−1.57

1.92e-6

581

Q96C23

38

6,2

8

30

1,80E-04

Fructose-1.6-bisphosphatase

−2.96

2.15e-6

582

P09467

37

6,5

16

33

3,20E-13

Aflatoxin B1 aldehyde reductase member 3

−1.37

5.91e-4

620

O95154

37

6,7

14

41

3,20E-07

  

Lipid metabolism

     

Aldo-keto reductase family 1 member B10

−2.97

3.13e-3

605

O60218

36

7,1

7

20

2,50E-02

 

−2.31

2.34e-4

615

   

11

32

4,70E-04

Glycerol-3-phosphate dehydrogenase

−2.39

5.39e-6

623

P21695

38

5,8

11

22

8,00E-07

Hydroxyacyl-coenzyme A dehydrogenase

−1.62

1.04e-4

665

Q16836

33

8,4

14

30

3,20E-07

Dihydroxyacetone kinase

−2.03

2.20e-5

323

Q3LXA3

59

7,6

15

30

3,20E-09

  

Energy production

     

Aconitate hydratase

−1.74

8.48e-5

180

Q99798

86

7,6

22

28

8,10E-09

Cytochrome b5

−2.4

1.57e-5

1004

P00167

11

5

7

79

2,50E-08

  

Detoxification

     

Catalase

−1.39

1.00e-4

337

P04040

60

6,9

15

28

1,60E-08

Sulfotransferase 1A3/1A4

−1.92

1.50e-4

643

P50224

34

5,7

16

56

1,30E-11

Glutathione S-transferase A1

−1.96

3.16e-4

820

P08263

26

8,9

7

21

1,20E-02

  

Cell proliferation/apoptosis

     

GTP-binding nuclear protein Ran

1.91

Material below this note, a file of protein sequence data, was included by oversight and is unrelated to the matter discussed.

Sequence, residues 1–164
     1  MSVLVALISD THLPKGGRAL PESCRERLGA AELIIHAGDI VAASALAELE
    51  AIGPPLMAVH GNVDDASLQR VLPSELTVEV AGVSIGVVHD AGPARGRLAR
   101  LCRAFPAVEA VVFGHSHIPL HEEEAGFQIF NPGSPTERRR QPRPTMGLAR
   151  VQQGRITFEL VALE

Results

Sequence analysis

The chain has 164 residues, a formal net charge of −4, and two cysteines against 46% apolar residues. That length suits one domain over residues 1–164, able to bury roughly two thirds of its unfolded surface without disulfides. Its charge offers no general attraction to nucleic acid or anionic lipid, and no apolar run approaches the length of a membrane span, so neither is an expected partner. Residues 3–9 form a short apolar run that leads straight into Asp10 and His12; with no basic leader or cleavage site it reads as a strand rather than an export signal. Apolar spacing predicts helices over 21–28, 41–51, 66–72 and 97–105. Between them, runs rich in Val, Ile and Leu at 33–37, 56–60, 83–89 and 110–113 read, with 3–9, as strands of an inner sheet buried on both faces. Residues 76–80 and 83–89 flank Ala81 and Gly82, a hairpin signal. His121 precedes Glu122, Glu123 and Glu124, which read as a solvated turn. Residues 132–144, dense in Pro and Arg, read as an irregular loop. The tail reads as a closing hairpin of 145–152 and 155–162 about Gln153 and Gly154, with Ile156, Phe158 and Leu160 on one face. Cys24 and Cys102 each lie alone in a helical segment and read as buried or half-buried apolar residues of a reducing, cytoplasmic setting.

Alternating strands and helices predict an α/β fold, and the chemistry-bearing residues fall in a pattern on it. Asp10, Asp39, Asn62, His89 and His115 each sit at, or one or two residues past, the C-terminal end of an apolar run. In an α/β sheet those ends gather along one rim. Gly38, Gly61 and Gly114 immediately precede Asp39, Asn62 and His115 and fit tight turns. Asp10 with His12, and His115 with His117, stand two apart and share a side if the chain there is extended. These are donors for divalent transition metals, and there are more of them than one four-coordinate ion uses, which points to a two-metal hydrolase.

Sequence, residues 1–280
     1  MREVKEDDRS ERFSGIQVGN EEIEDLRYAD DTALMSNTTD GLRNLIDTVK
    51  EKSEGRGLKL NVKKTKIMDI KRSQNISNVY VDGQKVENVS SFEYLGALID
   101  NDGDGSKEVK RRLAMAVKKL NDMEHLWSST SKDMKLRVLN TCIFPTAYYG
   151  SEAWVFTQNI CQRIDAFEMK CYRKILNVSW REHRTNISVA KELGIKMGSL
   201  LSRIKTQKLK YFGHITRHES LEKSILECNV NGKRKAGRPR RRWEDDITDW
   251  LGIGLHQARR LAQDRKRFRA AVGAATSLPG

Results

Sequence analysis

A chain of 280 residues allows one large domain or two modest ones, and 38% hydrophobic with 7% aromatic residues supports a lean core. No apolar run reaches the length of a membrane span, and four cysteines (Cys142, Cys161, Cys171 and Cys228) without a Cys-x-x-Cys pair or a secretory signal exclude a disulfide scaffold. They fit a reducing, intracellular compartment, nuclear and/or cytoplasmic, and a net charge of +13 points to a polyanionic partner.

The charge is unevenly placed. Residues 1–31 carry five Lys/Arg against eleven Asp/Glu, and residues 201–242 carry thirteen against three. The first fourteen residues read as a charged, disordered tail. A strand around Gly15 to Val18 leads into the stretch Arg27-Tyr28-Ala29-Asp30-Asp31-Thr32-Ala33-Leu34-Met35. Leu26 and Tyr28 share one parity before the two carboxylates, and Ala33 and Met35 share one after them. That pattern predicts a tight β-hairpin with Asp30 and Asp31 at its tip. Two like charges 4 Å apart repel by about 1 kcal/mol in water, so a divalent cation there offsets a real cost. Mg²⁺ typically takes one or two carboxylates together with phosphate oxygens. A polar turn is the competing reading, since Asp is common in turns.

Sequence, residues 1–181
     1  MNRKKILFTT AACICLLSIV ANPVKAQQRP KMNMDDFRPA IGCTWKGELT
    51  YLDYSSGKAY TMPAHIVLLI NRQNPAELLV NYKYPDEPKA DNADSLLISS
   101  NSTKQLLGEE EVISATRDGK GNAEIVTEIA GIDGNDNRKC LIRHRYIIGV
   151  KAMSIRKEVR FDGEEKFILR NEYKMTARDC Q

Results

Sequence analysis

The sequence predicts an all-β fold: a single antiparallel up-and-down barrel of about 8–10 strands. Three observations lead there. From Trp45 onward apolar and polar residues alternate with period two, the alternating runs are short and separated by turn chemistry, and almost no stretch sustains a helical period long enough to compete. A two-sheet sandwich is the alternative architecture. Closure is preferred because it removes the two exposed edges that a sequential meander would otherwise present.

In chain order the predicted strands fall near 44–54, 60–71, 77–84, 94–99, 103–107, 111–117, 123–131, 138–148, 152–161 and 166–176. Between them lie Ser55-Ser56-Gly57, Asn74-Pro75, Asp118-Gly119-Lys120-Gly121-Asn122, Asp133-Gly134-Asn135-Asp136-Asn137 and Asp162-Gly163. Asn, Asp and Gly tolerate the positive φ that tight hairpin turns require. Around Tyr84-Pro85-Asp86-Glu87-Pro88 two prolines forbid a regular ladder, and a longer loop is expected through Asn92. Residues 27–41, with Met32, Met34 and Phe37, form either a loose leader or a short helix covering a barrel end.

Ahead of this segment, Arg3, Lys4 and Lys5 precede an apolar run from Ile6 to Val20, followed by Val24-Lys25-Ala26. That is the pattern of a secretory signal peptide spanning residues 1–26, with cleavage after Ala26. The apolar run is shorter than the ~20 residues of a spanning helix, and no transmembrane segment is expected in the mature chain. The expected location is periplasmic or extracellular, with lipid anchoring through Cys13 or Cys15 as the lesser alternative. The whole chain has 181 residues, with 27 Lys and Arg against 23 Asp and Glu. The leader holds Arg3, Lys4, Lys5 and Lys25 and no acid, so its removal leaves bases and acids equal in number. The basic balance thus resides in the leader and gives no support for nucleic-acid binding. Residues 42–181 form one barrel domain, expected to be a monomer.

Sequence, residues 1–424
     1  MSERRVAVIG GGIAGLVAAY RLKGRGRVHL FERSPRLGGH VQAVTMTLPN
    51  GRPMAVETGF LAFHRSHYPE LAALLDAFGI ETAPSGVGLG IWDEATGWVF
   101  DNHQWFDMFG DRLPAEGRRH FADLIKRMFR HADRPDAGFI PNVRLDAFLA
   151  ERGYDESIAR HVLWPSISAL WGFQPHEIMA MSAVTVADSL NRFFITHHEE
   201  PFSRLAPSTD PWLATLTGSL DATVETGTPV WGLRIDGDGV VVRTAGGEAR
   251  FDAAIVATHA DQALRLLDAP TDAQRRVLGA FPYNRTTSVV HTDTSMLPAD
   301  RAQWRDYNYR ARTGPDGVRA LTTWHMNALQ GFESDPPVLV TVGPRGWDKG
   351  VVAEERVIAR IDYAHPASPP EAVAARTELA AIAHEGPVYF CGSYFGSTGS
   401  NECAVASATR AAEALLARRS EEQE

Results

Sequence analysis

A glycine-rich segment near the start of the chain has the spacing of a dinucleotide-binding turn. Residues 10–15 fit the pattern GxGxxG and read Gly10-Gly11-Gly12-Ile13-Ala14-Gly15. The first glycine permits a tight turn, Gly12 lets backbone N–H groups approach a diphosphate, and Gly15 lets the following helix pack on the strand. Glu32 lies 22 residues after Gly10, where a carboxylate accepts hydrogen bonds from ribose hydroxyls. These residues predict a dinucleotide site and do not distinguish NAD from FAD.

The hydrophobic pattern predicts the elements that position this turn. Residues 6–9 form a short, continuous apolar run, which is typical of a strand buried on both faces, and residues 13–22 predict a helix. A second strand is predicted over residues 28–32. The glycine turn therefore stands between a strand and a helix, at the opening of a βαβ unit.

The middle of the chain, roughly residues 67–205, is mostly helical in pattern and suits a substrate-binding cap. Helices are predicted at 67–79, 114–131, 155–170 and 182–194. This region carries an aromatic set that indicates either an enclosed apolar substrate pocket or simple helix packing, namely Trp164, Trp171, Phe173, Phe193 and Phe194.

2.67e-6

814

P62826

25

7,1

11

42

1,30E-08

Phosphatidylethanolamine-binding protein 1

−1.42

1.25e-3

882

P30086

21

7,4

12

56

1,30E-07

Hypotetical protein MGC29506

2.61

3.22e-5

964

Q8WU39

21

5,4

8

28

3,80E-02

Peroxiredoxin-4

1.78

1.50e-4

782

Q13162

31

5,9

8

27

1,10E-03

  

Structural function

     

Villin 1

−1.4

1.93e-4

144

P09327

93

5,9

30

29

3,20E-14

Lamin-A/C

2.25

1.93e-4

221

P02545

74

6,6

28

42

1,30E-12

 

2.3

5.12e-5

229

   

22

36

4,10E-08

Actin beta

−2.55

2.79e-3

522

P60709

40

5,5

17

43

4,10E-13

Actin-related protein 2/3 complex subunit 2

−1.64

2.06e-6

697

O15144

34

6,8

16

34

6,30E-08

  

Purine metabolism

     

Guanine deaminase

−1.27

4.58e-4

451

Q9Y2T3

51

5,4

12

28

9,10E-04

Adenosine deaminase

−1.9

1.25e-3

519

P00813

41

5,6

13

29

2,60E-07

Purine nucleoside phosphorylase

−2.07

2.26e-4

701

P00491

32

6,5

13

35

2,00E-06

  

Other proteins

     

Calcium-activated chloride channel regulator 1

−2.47